Dr. Shruti Kapoor on why she's breaking with a tradition she's practiced all her life.
“I will challenge customsthat I feel are harmful in order to set a strong example for my daughter.”
I grew up observing Karva Chauth, a one-day festival Hindu women celebrate in northwestern parts of India. For this October tradition, millions of married women fast from sunrise to moonrise for the safety and longevity of their husbands.
There are many legends surrounding this custom. The one that sticks with me the most is that of Queen Veeravati.
Her story goes like this.
On the day of the festival, Veeravati fasted for her husband’s long life. By evening she was suffering from hunger and thirst, and her seven brothers couldn’t bear to see her plight. They showed her a fake moon, tricking her into believing it was time to break her fast. Veeravati drank water and ate. Just at that moment news arrived that her husband, the king, was dead. Heartbroken, Veeravati wept the whole night. Her tears invoked the goddess Parvati to appear before her. When the queen shared how her brothers had tricked her, Parvati asked her to repeat the fast with utmost dedication. Veeravati did as she was told, and Yama, the god of death, restored her husband back to life.
This story was always in the back of my mind when I was growing up. I would watch as my grandmother, mother, and aunt would fast for the whole day (they would not even drink water). In the evening, they would sit together to hold a prayer service and exchange karvas (or earth pots) filled with small gifts. Since I was a small girl, I was the fourth wheel in their karva exchange as three is considered an inauspicious number. I didn’t fast but went through the whole prayer ritual year after year until I finally moved away from home for college.
I got married six years ago, and as per tradition, I began fasting on Karva Chauth. It was a given; no questions were asked. The night before the festival, my mother-in-law and mother gave some instructions on how to manage the upcoming day. They assumed that I would fast as they always had.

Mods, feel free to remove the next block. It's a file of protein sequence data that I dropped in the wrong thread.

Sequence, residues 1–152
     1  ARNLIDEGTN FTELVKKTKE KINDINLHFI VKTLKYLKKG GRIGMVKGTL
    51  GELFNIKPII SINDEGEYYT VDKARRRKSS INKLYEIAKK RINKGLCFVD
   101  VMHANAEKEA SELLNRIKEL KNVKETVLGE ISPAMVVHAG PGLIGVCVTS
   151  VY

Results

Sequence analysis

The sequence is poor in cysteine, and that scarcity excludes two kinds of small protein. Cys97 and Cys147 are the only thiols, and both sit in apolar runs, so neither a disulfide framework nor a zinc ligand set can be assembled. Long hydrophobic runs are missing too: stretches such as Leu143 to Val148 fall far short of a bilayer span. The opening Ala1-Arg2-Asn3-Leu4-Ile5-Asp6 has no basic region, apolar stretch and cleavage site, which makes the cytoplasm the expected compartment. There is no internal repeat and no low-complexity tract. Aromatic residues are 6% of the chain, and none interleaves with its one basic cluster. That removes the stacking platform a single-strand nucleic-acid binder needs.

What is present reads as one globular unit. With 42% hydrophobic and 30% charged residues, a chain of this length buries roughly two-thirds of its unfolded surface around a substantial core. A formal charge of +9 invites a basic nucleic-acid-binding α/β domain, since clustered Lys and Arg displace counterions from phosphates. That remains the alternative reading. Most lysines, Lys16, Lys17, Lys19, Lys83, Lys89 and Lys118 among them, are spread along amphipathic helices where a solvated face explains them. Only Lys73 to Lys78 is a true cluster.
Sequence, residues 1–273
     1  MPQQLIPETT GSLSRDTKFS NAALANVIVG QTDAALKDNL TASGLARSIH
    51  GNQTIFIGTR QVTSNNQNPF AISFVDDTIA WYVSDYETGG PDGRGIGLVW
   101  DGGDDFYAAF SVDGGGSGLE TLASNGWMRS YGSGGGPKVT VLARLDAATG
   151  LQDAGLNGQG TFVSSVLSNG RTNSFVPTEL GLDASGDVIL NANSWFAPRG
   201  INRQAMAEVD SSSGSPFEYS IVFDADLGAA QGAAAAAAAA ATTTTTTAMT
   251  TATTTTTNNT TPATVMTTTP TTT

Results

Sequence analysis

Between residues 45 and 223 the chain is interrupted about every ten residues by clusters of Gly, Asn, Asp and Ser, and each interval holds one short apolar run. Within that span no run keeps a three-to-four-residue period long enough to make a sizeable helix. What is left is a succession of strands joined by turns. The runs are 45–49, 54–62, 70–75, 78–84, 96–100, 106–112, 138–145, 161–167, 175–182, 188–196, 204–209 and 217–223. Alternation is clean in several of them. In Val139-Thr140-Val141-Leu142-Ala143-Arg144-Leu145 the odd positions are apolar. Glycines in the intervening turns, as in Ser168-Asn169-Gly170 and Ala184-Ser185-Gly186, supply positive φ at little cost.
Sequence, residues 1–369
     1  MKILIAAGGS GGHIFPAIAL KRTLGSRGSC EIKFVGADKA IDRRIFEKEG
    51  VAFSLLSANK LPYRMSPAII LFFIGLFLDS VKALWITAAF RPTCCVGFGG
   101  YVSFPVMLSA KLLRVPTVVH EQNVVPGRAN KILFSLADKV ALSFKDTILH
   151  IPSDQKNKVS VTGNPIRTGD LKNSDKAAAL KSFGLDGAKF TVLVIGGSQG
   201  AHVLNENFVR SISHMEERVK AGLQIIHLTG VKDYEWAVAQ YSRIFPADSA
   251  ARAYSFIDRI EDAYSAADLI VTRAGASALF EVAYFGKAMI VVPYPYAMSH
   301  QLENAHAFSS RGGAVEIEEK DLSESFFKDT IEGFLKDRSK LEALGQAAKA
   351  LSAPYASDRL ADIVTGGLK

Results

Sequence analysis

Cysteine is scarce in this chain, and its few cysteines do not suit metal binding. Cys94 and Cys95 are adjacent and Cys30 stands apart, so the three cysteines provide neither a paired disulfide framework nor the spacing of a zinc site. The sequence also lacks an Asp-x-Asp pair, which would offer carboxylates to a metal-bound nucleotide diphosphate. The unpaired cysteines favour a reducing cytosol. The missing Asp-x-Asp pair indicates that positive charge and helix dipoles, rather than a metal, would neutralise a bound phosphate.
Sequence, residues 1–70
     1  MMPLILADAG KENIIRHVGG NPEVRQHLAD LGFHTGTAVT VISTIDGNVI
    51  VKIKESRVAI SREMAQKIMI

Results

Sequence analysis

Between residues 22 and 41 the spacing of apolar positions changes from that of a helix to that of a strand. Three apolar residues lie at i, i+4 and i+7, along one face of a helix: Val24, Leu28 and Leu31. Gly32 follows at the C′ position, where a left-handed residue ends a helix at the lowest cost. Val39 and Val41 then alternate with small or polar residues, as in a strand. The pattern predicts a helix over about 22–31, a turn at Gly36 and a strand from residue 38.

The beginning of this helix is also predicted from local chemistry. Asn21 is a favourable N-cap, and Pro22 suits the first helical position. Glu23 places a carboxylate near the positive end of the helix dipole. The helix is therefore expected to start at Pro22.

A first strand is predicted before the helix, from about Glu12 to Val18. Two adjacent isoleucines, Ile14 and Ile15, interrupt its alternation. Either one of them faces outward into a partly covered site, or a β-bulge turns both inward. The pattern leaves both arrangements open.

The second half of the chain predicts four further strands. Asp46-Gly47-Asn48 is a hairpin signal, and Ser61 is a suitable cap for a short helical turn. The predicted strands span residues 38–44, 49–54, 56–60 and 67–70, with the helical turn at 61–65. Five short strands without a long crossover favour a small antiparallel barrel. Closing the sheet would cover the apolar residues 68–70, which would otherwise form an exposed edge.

For years, I thought about the absurdity of it all and even joked about it. Still, I would fast from morning until moonrise. I did it out of fear—fear of the consequences of breaking an age-old tradition.
Usually the day was an excuse to gather with friends and do the karva exchange. Each woman modified the tradition a bit to suit her needs. I did too. Unlike my mother and grandmother who fasted without water, I would drink a cup of tea in the evening after the prayer ritual.
By evening, most women have a bad headache and are dying of hunger waiting for the moon to arrive. I know many who take pride in this tradition and follow the rituals to a T. There is nothing wrong with that. It is their belief system and I respect their decision. But it is not for me.
This past October I decided to break with tradition. I did it for various reasons—the primary being that I don’t believe fasting will prolong my husband’s life. (I believe he will live a longer life by following a healthier lifestyle.)